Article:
Advantage Solutions will continue doing business with Wal-Mart by handling its in-store retailtainment services and product demos on behalf of Wal Mart’s marketing team, he said.

Bratspies said suppliers that employ merchandisers in-house will still be authorized to perform those services at Walmart but first they must fully comply with the new protocol which includes, knowing and following the retailer’s best practices guidelines and obtaining certification and validation of the retailer’s new digital platform. He said Wal-Mart’s merchandising services department will work with such suppliers on a phase implementation plan.

He also said Sam’s Club is not included the scope of the new program guidelines but if a club wants to use one of the five approved in-store merchandise providers it may do so as it’s own discretion.

Walmart U.S. CEO Greg Foran has been focused on improving store performance among his U.S. fleet for the past two years, He’s been a driving force for the retailer’s “one best way” practice which executives said recently encompassed every aspect of store operations. Judith McKenna, chief operations officer said the retailer had to decide to change everything, or nothing at all and it has been a huge undertaking over the past 18 months but nearly every process associated with store operations have been changed in some way to reflect the retailer’s “one best way” approach.

The agenda handed down by Bratspies appears to be an extension of the “best way” down to the army of in-store merchandisers who work on behalf of suppliers and occasionally Wal-Mart. While the streamlining of this process allows for more centralized control by Wal-Mart, not everyone agrees it will be beneficial for the smaller suppliers of retail.

Peggy Knight, a supplier consultant and former Wal-Mart executive, told Talk Business & Politics there could be unintended consequences for smaller suppliers with the new agenda. She said in most cases smaller suppliers with one product in Wal-Mart don’t have the financial ability to hire larger merchandisers like Acosta or Crossmark and have in the past relied on local consultants and service providers to do that work on their behalf.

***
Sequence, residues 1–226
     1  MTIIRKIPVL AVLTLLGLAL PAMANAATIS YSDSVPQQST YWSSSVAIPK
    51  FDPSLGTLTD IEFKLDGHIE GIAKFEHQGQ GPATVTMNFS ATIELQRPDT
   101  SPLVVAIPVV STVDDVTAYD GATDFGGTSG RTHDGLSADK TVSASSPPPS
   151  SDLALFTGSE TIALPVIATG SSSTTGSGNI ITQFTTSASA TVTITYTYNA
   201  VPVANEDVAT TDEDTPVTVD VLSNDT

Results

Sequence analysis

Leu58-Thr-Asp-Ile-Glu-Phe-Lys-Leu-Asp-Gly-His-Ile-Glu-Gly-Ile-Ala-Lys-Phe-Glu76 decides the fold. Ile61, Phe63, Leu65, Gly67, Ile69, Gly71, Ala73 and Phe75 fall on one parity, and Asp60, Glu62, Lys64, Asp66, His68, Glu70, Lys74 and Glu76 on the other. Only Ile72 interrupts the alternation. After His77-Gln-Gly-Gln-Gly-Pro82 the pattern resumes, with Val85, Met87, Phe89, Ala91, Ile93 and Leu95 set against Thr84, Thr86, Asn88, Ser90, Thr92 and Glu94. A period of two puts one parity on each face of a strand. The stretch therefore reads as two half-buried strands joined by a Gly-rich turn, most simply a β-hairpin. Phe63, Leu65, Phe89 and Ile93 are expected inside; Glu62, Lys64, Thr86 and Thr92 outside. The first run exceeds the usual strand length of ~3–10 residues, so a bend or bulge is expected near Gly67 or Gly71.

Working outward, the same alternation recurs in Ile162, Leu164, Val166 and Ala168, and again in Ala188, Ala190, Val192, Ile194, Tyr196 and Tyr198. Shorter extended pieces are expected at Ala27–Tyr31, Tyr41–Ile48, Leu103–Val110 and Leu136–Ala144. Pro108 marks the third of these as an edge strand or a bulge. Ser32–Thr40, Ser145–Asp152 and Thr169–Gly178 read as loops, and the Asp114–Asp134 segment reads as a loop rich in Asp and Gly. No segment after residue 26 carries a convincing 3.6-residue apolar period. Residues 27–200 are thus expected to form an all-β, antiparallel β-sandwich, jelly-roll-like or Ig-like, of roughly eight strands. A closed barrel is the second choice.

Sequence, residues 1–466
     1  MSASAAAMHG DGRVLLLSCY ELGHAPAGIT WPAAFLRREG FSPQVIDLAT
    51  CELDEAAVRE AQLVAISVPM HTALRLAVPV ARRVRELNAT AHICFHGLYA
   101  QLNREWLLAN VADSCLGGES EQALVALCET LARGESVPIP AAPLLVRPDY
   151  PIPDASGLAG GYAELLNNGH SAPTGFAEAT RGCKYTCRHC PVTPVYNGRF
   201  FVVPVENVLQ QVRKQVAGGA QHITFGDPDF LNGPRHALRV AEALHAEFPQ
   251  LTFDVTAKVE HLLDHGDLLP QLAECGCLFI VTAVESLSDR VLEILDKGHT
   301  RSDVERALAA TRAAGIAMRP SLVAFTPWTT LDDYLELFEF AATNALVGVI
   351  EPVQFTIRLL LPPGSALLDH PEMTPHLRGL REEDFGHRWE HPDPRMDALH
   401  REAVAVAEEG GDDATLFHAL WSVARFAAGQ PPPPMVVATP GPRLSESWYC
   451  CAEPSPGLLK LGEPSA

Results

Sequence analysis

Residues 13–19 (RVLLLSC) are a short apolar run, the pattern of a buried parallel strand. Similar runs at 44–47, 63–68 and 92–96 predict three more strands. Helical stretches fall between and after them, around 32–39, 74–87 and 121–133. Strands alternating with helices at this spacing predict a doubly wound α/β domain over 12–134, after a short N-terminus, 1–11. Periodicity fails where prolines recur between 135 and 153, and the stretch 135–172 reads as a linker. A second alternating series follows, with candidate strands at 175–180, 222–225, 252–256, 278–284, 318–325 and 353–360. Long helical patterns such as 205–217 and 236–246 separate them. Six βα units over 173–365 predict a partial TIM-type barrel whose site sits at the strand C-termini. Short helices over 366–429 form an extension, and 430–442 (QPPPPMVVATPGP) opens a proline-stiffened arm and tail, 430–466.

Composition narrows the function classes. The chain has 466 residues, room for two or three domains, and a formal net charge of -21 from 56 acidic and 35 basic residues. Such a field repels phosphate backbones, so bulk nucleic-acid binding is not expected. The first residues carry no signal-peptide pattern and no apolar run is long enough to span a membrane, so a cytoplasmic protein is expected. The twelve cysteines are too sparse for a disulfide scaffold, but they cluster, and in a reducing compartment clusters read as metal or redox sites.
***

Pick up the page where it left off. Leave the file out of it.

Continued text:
She said the costs of the new “On Time In Full” delivery requirements which kick into full gear Aug. 1, new charges last year for products going through a warehouse, and Wal-Mart getting the lowest possible prices was already pressuring margins for some suppliers. Knight understands Wal-Mart wanting to ensure its stores are efficient, but layering costs on everything from merchandising, to shipping and slotting and distribution expenses will squeeze out many small vendors.

Knight said one company she counseled in recent years was in more than 1,000 stores with their product, but keeping tabs on that product was a challenge because they could see in Retail Link there might be no sales in 100 stores where they knew product was received.

She said in those cases smaller suppliers can hire Fayetteville-based Field Agent to look at 100 stores and report back their findings. In one case she said there was no product on the shelves in dozens of stores. While Field Agent can verify a problem, it takes in-store merchandisers or someone else to fix it, she said.

This company opted to hire an offshore call service to phone the stores and ask them to move the product from the backroom out to the floor.

“Of course they have no way to really know when or if that will happen,” she said.

Knight also said Wal-Mart’s assortment could suffer as it will be harder for some regional and local vendors to profitably do business with Wal-Mart.